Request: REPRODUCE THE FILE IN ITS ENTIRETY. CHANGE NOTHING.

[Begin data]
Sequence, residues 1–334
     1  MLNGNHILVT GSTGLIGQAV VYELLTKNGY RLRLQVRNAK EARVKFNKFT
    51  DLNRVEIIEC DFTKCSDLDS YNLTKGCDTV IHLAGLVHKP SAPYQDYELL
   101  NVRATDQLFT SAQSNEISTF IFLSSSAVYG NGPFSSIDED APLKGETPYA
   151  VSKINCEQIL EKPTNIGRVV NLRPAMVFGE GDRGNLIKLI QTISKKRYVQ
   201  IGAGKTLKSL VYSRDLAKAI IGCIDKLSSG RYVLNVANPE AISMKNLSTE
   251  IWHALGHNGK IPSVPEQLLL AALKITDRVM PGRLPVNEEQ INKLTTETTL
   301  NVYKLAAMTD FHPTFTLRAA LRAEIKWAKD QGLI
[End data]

Sequence, residues 1–334
     1  MLNGNHILVT GSTGLIGQAV VYELLTKNGY RLRLQVRNAK EARVKFNKFT
    51  DLNRVEIIEC DFTKCSDLDS YNLTKGCDTV IHLAGLVHKP SAPYQDYELL
   101  NVRATDQLFT SAQSNEISTF IFLSSSAVYG NGPFSSIDED APLKGETPYA
   151  VSKINCEQIL EKPTNIGRVV NLRPAMVFGE GDRGNLIKLI QTISKKRYVQ
   201  IGAGKTLKSL VYSRDLAKAI IGCIDKLSSG RYVLNVANPE AISMKNLSTE
   251  IWHALGHNGK IPSVPEQLLL AALKITDRVM PGRLPVNEEQ INKLTTETTL
   301  NVYKLAAMTD FHPTFTLRAA LRAEIKWAKD QGLI